#4 – Berry Good For You
Eating blueberries and strawberries are one of the nine things listed in the article “Boost your brain: things to do, eat and drink which could stave off Alzheimer’s.” I already feed my husband nutrient-packed strawberries and blueberries; now if I could only get him to follow tip number 2 and clean the house for his own good!

#5 – Love Is A Fruit
Love is a fruit in season at all times, and within reach of every hand.
Mother Teresa

Have a wonderful weekend!

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Locally grown strawberries are indescribably sweet and juicy treats right now, so I consider myself fortunate to live in an area where strawberry stands dot the roadsides. Strawberries have been players in my gastronomic memories. I remember going to an annual strawberry festival that helped raise funds to support a local children’s orphanage in my girlhood hometown. And when I was pregnant with my first child, I craved strawberries. Not a bad thing to crave because strawberries contain vitamins A, C, and K and also contain calcium. Fresh strawberries did little to ease my craving, though. I found that strawberry cake and strawberry pie did the trick and miraculously I was able to keep my weight gain down to the necessary minimum on that strawberry diet and gave birth to an under 6 pound baby. Currently, I live near a town that is reviving its aging strawberry festival and is promoting independent growers instead of wholesalers. Because delectable strawberry-based goodies are everywhere to be found, it’s my kind of festival!

Here are some strawberry tips to keep in mind: Strawberries will not ripen after they’ve been picked, so purchase strawberries that are firm and bright red with no white or green areas and ones that are also free of mold or damage. Look for berries with fresh looking green foliage caps. Strawberries can be refrigerated for one to three days, but do not wash or hull them until ready to be eaten. Whole unwashed berries can be frozen in airtight containers or bags for use all year long.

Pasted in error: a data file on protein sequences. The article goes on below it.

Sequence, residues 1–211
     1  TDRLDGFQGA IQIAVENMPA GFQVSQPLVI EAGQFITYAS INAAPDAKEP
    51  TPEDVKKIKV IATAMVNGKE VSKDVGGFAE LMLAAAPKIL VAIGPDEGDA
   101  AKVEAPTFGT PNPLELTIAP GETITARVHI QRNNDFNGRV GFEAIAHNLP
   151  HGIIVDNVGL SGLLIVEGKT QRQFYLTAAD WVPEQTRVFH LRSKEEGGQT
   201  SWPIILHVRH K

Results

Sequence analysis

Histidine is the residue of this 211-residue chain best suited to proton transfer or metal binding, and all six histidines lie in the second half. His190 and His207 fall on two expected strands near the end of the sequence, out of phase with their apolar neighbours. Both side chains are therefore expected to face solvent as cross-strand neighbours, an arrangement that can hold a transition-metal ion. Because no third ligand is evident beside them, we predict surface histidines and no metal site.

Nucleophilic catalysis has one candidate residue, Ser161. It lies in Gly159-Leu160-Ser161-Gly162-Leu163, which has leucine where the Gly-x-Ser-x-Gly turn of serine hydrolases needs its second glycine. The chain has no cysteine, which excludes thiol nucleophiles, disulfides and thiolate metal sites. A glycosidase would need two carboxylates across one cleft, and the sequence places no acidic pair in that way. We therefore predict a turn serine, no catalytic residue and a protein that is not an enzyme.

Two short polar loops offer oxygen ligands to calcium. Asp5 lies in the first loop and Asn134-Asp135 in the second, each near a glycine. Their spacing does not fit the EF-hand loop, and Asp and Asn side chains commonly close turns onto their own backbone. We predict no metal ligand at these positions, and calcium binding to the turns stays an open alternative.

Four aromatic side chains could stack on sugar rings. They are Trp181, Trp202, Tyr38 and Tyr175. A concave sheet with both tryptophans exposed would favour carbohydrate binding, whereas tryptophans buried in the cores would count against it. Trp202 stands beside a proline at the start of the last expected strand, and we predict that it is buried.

While I was rummaging through my recipe cards in my circa 1970’s shoebox, I came across a recipe for strawberry pie. With six baskets of berries sitting on my kitchen counter and company coming over for dinner tonight, I thought I’d dust off this recipe and give it another try. It’s a simple recipe and if it tastes as good as it looks, it should be fabulous!

Strawberry Glaze Pie
1 9-inch pie crust, baked
About 4 cups of fresh strawberries, washed and hulled
1 cup sugar
3 T cornstarch
3/4 cup cold water
Whipping cream or ice cream

Mash 1-1/2 cups of berries and combine with sugar in a medium saucepan. Place over medium heat and bring to a boil, stirring frequently.

In a small bowl, whisk together the cornstarch and cold water. Gradually stir cornstarch mixture into boiling strawberry mixture. Reduce heat and simmer until thickened, about 10 minutes, stirring constantly.

Pour thickened mixture into a mesh sieve over a bowl and stir to strain the glaze.

Place about 1-1/2 cup berries stem end down on baked pie crust and pour half of the glaze over the berries. Add remaining berries and pour remaining glaze over them.

Chill for several hours before serving.

Serve with whipped cream or ice cream.

Serves 8.